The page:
"Data Driven Thinking" is written by members of the media community and containing fresh ideas on the digital revolution in media.
Today's column is written by Cameron Hulett, who is Executive Head of Solution Strategy at Acceleration.
Everyone in the digital marketing industry thinks buy vs sell side. Vendors are either helping buyers reach better inventory at lower prices, or on the other hand, helping sellers monetize their inventory better. The obvious exceptions are exchanges, which sit precariously on the fence trying to be impartial.
The problem with this view of the world is that marketers are now also acting as publishers and vice versa. And this is happening in a big way! Think of AT&T who has one of the largest ad networks in the USA. Think of Amazon who has more content than anyone out there. Think of Time Warner Cable. Think of Apple. Samsung. You name it, most large players are now on both sides of the fence. This is because such companies realize the value of their audiences, who both read the company's content AND buy its products.
Here lies the opportunity – to offer holistic solutions that cover BOTH buy and sell sides for a specific vertical. As an example, imagine a data platform designed for telecom businesses that enables them to leverage data for remarketing as well as sell data driven ad inventory. Imagine a broadcaster having a single customer view of all touch-points across buy and sell sides. Imagine an ad network that could leverage a marketing campaign to drive more ad revenue. Now that's powerful!
To benefit from this opportunity, vendors need to rethink how they position and deliver their offerings. They shouldn't be thinking sell vs buy side, they should be thinking media, broadcasting, travel, finance, entertainment, etc.
Each vertical has nuances and idiosyncrasies such as jargon and processes, but on top of that, vertical industries also have specific technology. Just hang out at a broadcaster and you quickly see that it is nothing like a traditional publisher.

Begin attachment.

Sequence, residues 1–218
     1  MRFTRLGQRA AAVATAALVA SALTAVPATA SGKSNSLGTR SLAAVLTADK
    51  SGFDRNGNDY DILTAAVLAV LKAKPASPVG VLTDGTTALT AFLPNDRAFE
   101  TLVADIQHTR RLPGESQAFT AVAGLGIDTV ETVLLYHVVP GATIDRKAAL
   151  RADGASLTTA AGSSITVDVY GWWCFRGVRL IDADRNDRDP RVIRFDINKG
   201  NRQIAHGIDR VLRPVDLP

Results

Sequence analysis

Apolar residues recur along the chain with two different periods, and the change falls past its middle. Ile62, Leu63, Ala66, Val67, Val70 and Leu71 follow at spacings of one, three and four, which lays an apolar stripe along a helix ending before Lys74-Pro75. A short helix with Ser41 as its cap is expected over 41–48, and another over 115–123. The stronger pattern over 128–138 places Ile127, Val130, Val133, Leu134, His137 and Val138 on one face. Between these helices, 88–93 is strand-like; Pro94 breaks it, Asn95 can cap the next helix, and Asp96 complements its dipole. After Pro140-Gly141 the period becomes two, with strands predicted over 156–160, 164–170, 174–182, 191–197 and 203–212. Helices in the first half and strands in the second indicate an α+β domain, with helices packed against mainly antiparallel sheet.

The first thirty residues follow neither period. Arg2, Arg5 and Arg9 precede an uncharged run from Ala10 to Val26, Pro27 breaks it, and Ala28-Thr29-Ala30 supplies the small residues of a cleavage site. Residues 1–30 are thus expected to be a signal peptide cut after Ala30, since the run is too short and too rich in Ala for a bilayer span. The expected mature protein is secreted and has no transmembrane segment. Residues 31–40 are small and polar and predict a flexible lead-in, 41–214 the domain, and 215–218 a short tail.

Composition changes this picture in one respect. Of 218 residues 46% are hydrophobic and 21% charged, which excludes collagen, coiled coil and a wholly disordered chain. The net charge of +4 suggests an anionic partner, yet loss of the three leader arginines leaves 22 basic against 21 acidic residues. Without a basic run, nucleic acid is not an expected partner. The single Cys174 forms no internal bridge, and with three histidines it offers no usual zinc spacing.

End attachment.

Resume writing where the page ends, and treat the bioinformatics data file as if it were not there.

To achieve verticalization, vendors need to make four key changes to their business: 1) hire sales people that deeply understand their client's vertical; 2) reshape their service offerings to deliver vertical solutions that truly matter to the client; 3) deliver technology that fits and integrates into the client's technology architecture; and 4) develop financial and management reports that show the progress of the vendor's business by vertical. This avoids the client having to reshape its business to work with the vendor and allows the vendor to deliver and measure true value.
Some vendors have already identified this imperative. Look no further than Facebook, where Carolyn Everson is leading the verticalization charge (more here). Likewise, large vendors like Adobe are going vertical on their product offerings (Site Catalyst is integrating with AdLens; more here). Salesforce.com has been doing it for ages in the mature CRM, soon to be social, space. Criteo and Xaxis are seen as potential buyers of Right Media Exchange, even though this seems crazy from a short-term perspective. Verticalization is happening, like it or not.
Our market is maturing at last and is following the typical evolution curve. Verticalization will become the new norm and vendors who are not incorporating this into their strategy will quickly become dated. Lets see who manages to grasp the opportunity.